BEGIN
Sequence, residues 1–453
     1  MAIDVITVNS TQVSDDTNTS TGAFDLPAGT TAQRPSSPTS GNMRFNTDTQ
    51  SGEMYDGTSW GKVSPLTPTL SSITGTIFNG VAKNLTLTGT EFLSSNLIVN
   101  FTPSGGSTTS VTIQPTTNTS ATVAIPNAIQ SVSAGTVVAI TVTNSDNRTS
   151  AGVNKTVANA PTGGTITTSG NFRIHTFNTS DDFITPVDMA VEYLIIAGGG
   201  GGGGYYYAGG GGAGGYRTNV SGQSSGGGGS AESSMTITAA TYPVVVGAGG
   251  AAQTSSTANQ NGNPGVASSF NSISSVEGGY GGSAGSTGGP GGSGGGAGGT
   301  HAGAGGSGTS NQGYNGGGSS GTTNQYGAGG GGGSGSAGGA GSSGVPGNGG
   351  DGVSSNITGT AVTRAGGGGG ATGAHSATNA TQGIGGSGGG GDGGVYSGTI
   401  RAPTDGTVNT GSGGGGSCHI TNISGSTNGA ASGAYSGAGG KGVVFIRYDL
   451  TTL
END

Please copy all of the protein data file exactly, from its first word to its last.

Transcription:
Sequence, residues 1–453
     1  MAIDVITVNS TQVSDDTNTS TGAFDLPAGT TAQRPSSPTS GNMRFNTDTQ
    51  SGEMYDGTSW GKVSPLTPTL SSITGTIFNG VAKNLTLTGT EFLSSNLIVN
   101  FTPSGGSTTS VTIQPTTNTS ATVAIPNAIQ SVSAGTVVAI TVTNSDNRTS
   151  AGVNKTVANA PTGGTITTSG NFRIHTFNTS DDFITPVDMA VEYLIIAGGG
   201  GGGGYYYAGG GGAGGYRTNV SGQSSGGGGS AESSMTITAA TYPVVVGAGG
   251  AAQTSSTANQ NGNPGVASSF NSISSVEGGY GGSAGSTGGP GGSGGGAGGT
   301  HAGAGGSGTS NQGYNGGGSS GTTNQYGAGG GGGSGSAGGA GSSGVPGNGG
   351  DGVSSNITGT AVTRAGGGGG ATGAHSATNA TQGIGGSGGG GDGGVYSGTI
   401  RAPTDGTVNT GSGGGGSCHI TNISGSTNGA ASGAYSGAGG KGVVFIRYDL
   451  TTL